A thriving market with seafood, street-food and delicious snacks, Kuromon Ichiba market is a captivating mix of old and new. From freshly-flipped takoyaki to ice-cream-topped melon, you can enjoy the special Osaka ‘tabe aruki’ culture, meaning ‘eat while you stroll’.
What to Know about Kuromon Market
Located in the center of Osaka Minami (south) district, the market was originally called Emmeiji market, named after a nearby temple that was lost in the fire of 1912. In the Meiji era, however, it gained the nickname of ‘Kuromon Ichiba market’, meaning ‘black gate market’ after a symbolic gate at the temple.
Today there are around 150 shops along the almost 600m-long covered market selling fresh and preserved produce and goods. There is a lively and exciting atmosphere as stall holders offer tasters to visitors and encourage them to admire their produce. The area is made up of small stalls, cafes and restaurants, with small alleys leading away from the main street.
Exploring the Highlights of of Kurumon Market
While it is mainly a fish market, Kuromon Ichiba market has many different stalls selling delicious Japanese foods.The seasonal specialties are particularly famous, with fugu (poisonous puffer fish) served in winter and hamo (conger pike) in summer. There are many fresh and frozen fish and seafood stalls ideal for those staying in accommodation with a kitchen, as they can try cooking Japanese recipes at home. There are also many foods that can be eaten straight away, such dumplings, takoyaki and fruit. The market is popular with older local people who still visit to do their shopping everyday, as well as younger people and families looking to enjoy the street-food and take photos. Souvenirs are also available here, making it popular with visitors from across Japan as well as overseas - you can buy green tea, accessories and kitchenware.
Seafood and Seaweed: Top Shops in Kuromon Market
Each stall at Kuromon Ichiba market will no doubt draw your attention, but even the quieter shops have exciting products. The simple Kawakou store was established in 1941 and sells high-quality konbu - Japanese edible seaweed. Seeking out the best seaweed from across Japan, they pay careful attention to the seasoning and use only high quality ingredients. Their items are packaged very stylishly and make excellent gifts or souvenirs.
Nearby, Iseya Honten sells brightly coloured pickled vegetables, called otsukemono in Japanese. This small business opened in 1897 and is a firm favourite with locals, with many families buying for generations. You can try the different flavours such as miso-daikon (radish in miso) or delicate narazuke pickles which are made of fresh fruit and vegetables.
For seafood, one of the most popular stores is Maguro Entoki who specialise in high quality tuna. Receiving their fish fresh every morning, the staff delicately prepare sushi for bento boxes so you can pick one up to enjoy later on or present as a gift. The menu changes every day to accommodate the season and the catch of the day, but be sure to try the speciality of otoro nigiri (fatty tuna nigiri) - it has limited servings and sells out fast!
For a sweet gift, Naniwaya offers a unique soba mochi using red bean paste wrapped in buckwheat flour dough. The company has been perfecting their sweets for over 80 years and their steamed buns - known as manju - are very popular as a snack or souvenir.
What to eat: The Best Foods and Restaurants
Kaizen Don: Maguro ya Korugin
The market is filled with delicious aromas and tempting foods, and luckily there are plenty of restaurants and strolling snacks which will cure your hunger. Maguro ya Korugin is a popular spot for enjoying kaizen donburi (seafood rice bowl) glistening slices of fresh fish and vivid seafood are placed atop fluffy rice for hungry customers. We suggest you arrive for an early lunch as they often sell out before closing at 3pm.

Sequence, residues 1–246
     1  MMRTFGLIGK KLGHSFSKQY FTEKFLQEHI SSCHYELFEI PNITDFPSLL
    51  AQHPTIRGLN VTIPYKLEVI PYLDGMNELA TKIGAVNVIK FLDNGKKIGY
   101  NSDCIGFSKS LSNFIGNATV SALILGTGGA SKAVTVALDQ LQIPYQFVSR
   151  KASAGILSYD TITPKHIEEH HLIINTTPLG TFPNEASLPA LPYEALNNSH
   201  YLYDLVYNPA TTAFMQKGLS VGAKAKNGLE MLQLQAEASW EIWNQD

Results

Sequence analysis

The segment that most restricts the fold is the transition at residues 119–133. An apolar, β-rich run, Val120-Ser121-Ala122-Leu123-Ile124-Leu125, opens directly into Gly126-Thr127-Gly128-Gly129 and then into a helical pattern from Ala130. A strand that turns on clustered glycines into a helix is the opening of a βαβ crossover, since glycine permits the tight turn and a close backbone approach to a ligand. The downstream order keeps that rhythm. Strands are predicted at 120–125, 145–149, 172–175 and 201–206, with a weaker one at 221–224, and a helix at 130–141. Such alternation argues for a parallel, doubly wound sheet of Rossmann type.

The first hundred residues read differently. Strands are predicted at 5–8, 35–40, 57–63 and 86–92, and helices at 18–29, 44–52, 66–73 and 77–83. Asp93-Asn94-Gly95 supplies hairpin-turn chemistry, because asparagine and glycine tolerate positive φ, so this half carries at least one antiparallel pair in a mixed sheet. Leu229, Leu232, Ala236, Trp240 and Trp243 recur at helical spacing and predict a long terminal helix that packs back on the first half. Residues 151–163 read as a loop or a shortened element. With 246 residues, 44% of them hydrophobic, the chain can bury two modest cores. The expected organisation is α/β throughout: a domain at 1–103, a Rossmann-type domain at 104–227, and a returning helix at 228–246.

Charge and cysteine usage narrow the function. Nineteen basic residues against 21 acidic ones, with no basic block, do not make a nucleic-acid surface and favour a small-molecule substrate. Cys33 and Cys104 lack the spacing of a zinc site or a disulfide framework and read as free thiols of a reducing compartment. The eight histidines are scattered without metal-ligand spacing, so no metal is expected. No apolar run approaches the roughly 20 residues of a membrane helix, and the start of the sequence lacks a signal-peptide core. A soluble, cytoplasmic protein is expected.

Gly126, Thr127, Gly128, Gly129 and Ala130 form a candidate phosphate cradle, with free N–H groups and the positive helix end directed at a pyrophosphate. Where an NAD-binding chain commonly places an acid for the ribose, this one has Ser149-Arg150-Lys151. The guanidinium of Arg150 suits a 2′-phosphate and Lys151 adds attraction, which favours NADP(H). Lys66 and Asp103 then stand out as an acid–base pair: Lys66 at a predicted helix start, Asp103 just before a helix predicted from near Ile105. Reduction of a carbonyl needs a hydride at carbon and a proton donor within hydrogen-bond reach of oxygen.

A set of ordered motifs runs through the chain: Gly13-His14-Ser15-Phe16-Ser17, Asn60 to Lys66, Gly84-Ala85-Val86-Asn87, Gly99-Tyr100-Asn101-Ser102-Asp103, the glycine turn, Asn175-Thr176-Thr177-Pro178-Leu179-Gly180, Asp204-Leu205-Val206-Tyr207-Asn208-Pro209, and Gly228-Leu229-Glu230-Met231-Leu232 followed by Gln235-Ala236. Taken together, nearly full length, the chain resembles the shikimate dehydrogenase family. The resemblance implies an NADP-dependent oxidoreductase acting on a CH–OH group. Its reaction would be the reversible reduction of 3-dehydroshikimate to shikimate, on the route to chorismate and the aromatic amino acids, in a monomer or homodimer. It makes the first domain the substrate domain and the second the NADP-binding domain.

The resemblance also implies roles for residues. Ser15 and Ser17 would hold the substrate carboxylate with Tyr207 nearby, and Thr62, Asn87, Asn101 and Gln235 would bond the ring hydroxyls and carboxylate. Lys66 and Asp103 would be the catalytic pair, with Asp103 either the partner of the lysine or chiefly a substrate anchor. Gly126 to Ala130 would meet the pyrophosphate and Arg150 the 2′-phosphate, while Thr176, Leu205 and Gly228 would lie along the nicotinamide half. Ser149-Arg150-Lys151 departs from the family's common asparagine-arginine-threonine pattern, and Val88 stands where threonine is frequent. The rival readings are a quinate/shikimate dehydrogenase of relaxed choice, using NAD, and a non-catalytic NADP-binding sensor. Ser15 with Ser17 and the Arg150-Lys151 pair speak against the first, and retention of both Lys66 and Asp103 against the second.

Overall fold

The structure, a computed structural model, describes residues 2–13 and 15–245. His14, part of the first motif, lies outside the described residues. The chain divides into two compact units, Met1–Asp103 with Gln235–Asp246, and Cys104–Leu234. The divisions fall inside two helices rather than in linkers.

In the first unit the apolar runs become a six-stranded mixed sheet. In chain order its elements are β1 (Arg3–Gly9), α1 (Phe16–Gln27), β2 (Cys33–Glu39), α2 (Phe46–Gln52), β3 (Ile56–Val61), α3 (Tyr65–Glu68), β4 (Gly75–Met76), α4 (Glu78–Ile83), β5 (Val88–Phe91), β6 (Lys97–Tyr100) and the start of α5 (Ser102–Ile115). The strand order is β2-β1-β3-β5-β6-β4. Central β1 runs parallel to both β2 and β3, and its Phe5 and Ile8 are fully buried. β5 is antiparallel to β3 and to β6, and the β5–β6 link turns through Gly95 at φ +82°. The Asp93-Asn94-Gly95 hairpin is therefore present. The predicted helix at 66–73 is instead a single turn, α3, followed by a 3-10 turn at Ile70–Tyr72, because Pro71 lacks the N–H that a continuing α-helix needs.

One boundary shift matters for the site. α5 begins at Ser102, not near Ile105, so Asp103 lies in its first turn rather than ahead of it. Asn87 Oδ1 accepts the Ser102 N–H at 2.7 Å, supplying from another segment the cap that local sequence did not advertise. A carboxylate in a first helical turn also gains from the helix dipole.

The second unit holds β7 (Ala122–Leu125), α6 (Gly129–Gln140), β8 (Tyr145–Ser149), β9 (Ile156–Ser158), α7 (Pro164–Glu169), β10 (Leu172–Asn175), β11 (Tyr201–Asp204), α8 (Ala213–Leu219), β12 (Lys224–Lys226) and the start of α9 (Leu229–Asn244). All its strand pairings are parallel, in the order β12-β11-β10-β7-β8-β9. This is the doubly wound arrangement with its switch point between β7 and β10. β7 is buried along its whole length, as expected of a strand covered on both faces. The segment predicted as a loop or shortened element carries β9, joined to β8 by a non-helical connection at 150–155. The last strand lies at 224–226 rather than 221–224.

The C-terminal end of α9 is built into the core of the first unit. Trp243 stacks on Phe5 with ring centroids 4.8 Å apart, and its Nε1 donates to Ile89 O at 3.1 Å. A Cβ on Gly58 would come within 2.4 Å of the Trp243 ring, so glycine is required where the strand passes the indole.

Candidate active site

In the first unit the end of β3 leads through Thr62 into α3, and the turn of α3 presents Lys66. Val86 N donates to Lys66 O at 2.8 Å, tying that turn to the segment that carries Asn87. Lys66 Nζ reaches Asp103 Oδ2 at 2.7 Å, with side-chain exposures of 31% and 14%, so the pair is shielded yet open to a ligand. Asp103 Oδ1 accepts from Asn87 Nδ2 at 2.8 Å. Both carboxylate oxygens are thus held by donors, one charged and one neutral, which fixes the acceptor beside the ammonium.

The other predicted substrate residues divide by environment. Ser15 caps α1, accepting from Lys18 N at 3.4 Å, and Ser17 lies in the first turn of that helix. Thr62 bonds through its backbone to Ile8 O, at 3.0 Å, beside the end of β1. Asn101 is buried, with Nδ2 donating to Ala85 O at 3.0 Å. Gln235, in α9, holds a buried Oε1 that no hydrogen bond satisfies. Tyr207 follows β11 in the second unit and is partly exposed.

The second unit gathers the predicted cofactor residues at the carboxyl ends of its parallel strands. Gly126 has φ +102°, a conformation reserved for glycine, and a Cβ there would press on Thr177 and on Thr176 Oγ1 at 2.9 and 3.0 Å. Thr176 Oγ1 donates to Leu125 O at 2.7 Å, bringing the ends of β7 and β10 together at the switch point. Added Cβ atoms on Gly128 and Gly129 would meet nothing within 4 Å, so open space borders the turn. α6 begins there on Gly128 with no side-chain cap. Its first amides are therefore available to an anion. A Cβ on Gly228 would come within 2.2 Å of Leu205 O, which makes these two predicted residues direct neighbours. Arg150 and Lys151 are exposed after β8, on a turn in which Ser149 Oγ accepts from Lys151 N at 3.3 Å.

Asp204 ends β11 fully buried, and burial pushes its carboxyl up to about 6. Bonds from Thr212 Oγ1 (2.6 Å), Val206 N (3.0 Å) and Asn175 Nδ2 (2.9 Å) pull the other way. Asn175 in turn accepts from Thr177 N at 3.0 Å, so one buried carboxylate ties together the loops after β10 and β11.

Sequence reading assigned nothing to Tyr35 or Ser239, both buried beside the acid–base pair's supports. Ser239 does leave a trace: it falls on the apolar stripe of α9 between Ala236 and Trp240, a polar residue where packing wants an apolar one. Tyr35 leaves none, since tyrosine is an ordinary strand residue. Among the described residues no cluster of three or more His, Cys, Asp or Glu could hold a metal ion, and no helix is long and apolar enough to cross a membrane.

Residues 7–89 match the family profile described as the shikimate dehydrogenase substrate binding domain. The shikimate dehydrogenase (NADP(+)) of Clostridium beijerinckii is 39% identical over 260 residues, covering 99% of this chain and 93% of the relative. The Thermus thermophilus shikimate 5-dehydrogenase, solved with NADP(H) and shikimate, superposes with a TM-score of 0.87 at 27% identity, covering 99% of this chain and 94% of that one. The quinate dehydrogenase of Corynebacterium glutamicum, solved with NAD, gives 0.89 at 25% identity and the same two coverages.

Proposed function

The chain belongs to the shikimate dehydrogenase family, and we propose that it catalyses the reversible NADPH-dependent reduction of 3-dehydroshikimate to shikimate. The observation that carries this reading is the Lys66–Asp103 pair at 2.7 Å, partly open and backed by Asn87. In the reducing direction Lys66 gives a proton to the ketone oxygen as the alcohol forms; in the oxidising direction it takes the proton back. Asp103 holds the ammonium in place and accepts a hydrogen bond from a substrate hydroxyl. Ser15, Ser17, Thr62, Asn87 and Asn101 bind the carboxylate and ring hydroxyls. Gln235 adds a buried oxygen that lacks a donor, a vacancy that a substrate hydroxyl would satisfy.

If you are yet to try Osaka’s staple of takoyaki (battered squid balls) then luckily the market is home to one of the most popular stores in the city - Wanaka. Watch as the staff flip the takoyaki perfectly and enjoy the different toppings. Even those who have tried takoyaki before can experience the different flavours such as black pepper and mentai-mayo (pollock roe mayo). This branch also offers exclusive fresh scallops and Okonomiyaki.
An unusual option for visitors is to try the local delicacy of horumon. Made from grilled offal, it is common in Osaka and is believed to have many good qualities for the body and mind. At Yamadasanchi, there are always exciting assortments of items to choose from, with many visitors trying it for the first time and being converted.
Japanese Cafe: Cafe Sun Bird
For a relaxing break, Cafe Sun Bird is the perfect spot for a coffee and even a taste of their delicious pudding. They have a tempting selection of pastries and cakes as well as the traditional caramel pudding which is popular in Japanese coffee shops.
Cooling Items: Kurumon Ichiba Maru and Hougetsudou
For a cooling option, head to Kurumon Ichiba Maru for some fresh melon served with creamy soft serve ice cream. There is a small seating area and the melons look beautiful in photos. If you would like something a little smaller, the anime-like mochi of Hougetsudou are perfect for eating while you walk. Using rice sourced from Saga prefecture they carefully make smooth and delicious dango, kagami-mochi as well as seasonal goods.
How to Get to Kurumon Market
Kuromon Ichiba Market is a short 5-minute walk due south from Nippombashi Station.
From Osaka Airport (Itami) you can catch the Limousine bus service to Namba bus terminal and catch the Sennichimae metro line to Nippombashi Station. From there it is a 5-minute walk from exit 10.
From Kansai International Airport (KIX) you can take the Express airport line to Namba station and then catch the Sennichimae metro line to Nippombashi Station. From there it is a 5-minute walk from exit 10.